Appeal from the Order of the Unemployment Compensation Board of Review in case of In Re: Claim of Renee L. Stiffler, No. B-115975.
Bertram B. Leopold, with him Scheeline & Leopold, for appellant.
Sydney Reuben, Assistant Attorney General, with him Israel Packel, Attorney General, for appellee.
Judges Crumlish, Jr., Mencer and Blatt, sitting as a panel of three. Opinion by Judge Mencer.
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Renee L. Stiffler had been employed for about a year by Tritex Sportswear, Inc. (Tritex), as a sewing machine operator. During this short period of employment she had compiled an impressive history of absenteeism and tardiness. Her endeavors did not go unnoticed, and she was warned by her supervisor that she would be fired if she missed another day without submitting a doctor's excuse. Miss Stiffler was fired after missing work on September 12, 1972.
Miss Stiffler's application for unemployment compensation benefits was approved by the Bureau of Employment Security. Tritex appealed and, after a hearing, a referee denied compensation on the basis that her unemployment had resulted from her wilful misconduct. The referee's order was then reversed by the Unemployment Compensation Board of Review (Board), and compensation was again awarded to Miss Stiffler.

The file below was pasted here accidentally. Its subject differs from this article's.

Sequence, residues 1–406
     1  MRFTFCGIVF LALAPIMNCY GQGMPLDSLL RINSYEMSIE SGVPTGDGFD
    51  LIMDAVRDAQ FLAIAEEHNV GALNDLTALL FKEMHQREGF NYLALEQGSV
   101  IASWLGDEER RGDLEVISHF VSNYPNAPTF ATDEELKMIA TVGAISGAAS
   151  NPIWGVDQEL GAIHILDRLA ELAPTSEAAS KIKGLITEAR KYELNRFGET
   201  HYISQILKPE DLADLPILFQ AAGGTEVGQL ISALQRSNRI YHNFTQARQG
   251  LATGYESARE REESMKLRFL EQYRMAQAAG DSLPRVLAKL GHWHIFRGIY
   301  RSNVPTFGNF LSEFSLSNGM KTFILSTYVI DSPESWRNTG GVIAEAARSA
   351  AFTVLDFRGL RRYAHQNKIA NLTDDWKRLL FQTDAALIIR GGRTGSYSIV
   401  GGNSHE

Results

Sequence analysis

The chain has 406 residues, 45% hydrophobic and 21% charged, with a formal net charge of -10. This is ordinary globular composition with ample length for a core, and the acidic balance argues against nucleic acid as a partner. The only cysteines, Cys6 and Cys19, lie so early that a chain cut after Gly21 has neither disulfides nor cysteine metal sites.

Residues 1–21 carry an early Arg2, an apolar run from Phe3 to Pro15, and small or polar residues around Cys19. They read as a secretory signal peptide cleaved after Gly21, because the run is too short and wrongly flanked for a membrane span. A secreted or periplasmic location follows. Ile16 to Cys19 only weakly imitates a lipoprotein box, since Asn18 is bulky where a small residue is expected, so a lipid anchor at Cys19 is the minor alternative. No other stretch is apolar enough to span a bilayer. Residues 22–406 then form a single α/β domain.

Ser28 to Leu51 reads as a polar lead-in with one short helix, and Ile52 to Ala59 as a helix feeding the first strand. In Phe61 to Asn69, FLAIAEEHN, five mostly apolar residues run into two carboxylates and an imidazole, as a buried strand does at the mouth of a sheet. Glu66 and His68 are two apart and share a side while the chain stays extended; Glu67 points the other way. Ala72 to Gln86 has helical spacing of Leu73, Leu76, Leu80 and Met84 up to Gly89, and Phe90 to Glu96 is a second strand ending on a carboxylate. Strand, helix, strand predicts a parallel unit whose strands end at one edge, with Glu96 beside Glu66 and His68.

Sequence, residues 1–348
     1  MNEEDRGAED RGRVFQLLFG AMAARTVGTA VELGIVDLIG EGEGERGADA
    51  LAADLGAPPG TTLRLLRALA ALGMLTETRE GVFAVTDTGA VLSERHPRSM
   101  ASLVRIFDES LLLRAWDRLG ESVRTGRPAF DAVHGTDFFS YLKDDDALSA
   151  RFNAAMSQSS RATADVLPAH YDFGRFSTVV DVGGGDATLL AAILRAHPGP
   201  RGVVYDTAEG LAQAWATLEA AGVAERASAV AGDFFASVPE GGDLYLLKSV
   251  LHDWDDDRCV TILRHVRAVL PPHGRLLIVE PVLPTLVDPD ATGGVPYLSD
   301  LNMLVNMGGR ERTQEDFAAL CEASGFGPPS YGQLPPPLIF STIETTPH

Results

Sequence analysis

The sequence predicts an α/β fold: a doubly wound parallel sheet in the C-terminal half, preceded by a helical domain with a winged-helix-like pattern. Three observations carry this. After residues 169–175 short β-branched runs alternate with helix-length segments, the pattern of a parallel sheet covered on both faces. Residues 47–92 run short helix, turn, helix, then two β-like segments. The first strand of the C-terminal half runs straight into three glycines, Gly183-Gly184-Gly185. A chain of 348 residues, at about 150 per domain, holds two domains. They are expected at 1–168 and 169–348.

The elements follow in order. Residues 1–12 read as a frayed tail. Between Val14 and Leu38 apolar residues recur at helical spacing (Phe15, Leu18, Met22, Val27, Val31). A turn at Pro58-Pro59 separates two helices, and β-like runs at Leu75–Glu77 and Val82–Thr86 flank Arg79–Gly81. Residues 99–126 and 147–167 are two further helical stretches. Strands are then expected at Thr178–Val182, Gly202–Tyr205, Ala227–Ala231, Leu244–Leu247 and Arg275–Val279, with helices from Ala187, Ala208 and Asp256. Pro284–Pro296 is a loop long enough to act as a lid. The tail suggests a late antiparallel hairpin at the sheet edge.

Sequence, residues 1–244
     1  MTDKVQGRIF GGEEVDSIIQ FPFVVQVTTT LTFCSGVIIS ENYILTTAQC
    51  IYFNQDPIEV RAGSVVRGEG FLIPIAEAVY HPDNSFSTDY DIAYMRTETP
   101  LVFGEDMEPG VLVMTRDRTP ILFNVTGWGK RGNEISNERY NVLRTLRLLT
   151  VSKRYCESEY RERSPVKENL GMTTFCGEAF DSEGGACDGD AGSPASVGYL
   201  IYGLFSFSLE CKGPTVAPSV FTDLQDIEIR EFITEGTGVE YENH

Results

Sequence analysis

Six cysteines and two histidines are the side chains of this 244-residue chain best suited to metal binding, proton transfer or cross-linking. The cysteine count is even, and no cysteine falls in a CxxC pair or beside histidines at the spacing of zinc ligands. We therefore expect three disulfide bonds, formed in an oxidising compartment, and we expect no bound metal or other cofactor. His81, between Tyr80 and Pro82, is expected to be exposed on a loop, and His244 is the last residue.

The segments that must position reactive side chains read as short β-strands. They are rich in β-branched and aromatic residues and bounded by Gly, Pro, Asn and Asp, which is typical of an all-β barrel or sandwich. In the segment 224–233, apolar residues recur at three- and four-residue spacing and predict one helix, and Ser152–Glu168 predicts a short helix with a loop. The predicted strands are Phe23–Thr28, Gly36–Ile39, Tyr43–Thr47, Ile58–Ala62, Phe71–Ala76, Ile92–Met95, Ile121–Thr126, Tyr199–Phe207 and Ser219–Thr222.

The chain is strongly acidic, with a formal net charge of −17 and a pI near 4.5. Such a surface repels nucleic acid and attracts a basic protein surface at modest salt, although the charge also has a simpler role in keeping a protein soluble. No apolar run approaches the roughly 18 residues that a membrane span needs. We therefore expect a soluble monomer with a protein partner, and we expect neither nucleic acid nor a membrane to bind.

Several things must be remembered when reviewing unemployment compensation cases: (1) The scope of review is confined to questions of law and, absent fraud, a determination as to whether the Board's findings are
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supported by the evidence; (2) questions of credibility and the weight to be given evidence are for the Board ; (3) the party victorious below is to be given the benefit of any inferences which can reasonably and logically be drawn from the evidence. Shira v. Unemployment Compensation Board of Review, 10 Pa. Commonwealth Ct. 457, 310 A.2d 708 (1973).
Mindful of the above, we now consider the narrow issue presented by this appeal; namely, whether or not the Board's third finding of fact is supported by the evidence. This finding is as follows: "Claimant was being treated by a physician and offered the employer a medical certification concerning her illness of September 12, 1972 which also indicated she would be able to return to work on September 13, 1972."
It has been held that the evidence necessary to support a finding of fact in unemployment compensation cases means "substantial evidence." Stillman v. Unemployment Compensation Board of Review, 161 Pa. Superior Ct. 569, 56 A.2d 380 (1948). We have also held that the substantial evidence required to support the findings of an administrative agency must be such relevant evidence as a reasonable mind might accept as adequate to support a conclusion. Poisson v. State Harness Racing Commission, 5 Pa. Commonwealth Ct. 20, 287 A.2d 852 (1972).
We hold that the testimony given during the following colloquy between the referee and Miss Stiffler satisfies the above test and therefore adequately supports the Board's finding: "Q. Did you comply with this after you were warned? Did you bring the doctor's certificate in? A. Not every time. The ...